Cristiano Ronaldo has no contractual obligation to attend this weekend’s 2023 Saudi Arabian Grand Prix in Jeddah, representatives of the Portuguese forward have told Formula1News.co.uk.
The 38-year-old joined Al-Nassr FC in the Saudi Pro League from Manchester United during the winter transfer window, and it had been reported that he would be attending round two of the 2023 F1 season in Saudi Arabia as part of his lucrative mega-deal with the club.
However, The Sports PR Company – a public relations agency which represents Ronaldo – has told Formula1News.co.uk that he will not attend the Saudi Arabian Grand Prix, nor does he have any contractual obligation to do so.
In a statement, Ronaldo’s representatives described the reports of him being forced to attend the grand prix as “entirely false.”
Earlier on Wednesday, London Insider cited unnamed sources as describing the aforementioned reports as “fake news” and “patently false.”
“It’s fake news. Any notion that Cristiano will be attending the race in Saudi Arabia as part of his deal with Al-Nassr FC is baseless and patently false,” the source insisted.
“He will not be at the grand prix or any related events over the course of the weekend,” they added.
This weekend’s race at the Jeddah Corniche Circuit will be Saudi Arabia’s third Formula 1 grand prix in as many years.
The track has attracted criticism in previous years due to the blind nature of some of the high-speed corners and the lack of run-off areas.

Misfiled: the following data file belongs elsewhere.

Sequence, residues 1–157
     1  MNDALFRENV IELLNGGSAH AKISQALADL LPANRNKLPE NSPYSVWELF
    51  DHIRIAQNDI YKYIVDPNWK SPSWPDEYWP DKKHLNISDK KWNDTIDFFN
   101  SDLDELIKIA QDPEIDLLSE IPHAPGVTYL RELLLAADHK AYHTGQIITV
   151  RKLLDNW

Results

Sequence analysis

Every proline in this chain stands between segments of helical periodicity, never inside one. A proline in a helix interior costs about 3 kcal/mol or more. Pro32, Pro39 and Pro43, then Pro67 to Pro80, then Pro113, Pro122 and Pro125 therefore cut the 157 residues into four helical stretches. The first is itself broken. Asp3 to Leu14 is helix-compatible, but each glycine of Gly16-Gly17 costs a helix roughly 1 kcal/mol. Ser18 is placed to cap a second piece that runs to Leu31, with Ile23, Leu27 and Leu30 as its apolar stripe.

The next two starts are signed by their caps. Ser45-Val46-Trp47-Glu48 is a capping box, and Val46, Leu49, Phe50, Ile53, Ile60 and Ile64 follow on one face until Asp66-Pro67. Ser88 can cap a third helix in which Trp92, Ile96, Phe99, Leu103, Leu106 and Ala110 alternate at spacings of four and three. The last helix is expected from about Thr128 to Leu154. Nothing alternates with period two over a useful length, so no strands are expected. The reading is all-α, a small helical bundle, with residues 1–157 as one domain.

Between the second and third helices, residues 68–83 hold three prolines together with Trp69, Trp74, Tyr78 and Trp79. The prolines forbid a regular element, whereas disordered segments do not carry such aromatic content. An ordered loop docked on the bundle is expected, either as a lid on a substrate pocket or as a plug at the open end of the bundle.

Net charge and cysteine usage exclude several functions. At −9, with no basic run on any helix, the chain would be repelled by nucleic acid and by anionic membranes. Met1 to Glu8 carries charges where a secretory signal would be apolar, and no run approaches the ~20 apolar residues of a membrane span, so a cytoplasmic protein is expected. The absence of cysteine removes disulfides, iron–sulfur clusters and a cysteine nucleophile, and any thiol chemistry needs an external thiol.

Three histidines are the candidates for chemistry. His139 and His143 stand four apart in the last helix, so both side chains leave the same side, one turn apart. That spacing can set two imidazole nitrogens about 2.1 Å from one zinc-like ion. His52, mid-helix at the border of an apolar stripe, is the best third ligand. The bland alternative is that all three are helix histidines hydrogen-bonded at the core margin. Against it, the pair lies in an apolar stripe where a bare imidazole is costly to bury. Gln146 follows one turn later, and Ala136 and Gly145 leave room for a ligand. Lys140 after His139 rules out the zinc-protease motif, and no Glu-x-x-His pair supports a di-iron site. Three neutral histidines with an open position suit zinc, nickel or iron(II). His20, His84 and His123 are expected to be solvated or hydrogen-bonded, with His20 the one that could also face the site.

The FIA, in coordination with the organisers of the grand prix, have made several changes to the circuit ahead of this year’s race in a bid to improve driver safety.
Speaking on the F1 Nation podcast this week, Saudi Arabian Grand Prix CEO Martin Whitaker outlined some of these changes.
“The drivers are going to be I think, really quite pleased because obviously the first time they get a chance to have a look will be when they walk around on Thursday,” he said.
“But during the winter months, we’ve again made some quite interesting changes to improve the sight lines.
“So, on five of the corners, we’ve moved the fences back by anything between two and seven metres. So in some places, it’s quite a marked change to the overall look and feel of the circuit.
“Then we’ve also removed the steel plates that we’d put in on the inside of a number of the corners. The concrete barriers are effectively edged to go around a corner, so they have shoulders.
“So actually the FIA said ‘no, we’re quite happy with those, let’s remove the steel plates’. We’ve removed those from six corners.
“There is a change to one of the corners. The perimeter of the track has not changed apart from in one place, and that is [Turn] 22, 23. That corner has been tightened, so that will make that corner probably 30 kilometres slower.
“So therefore, they will be going on to effectively the back straight or that long curve between 23 and 27, they will be entering that at a slower pace. So it’ll be interesting to see how that works out.”
The contents of this article can only be reused and republished by other media outlets in accordance with our Copyright Policy.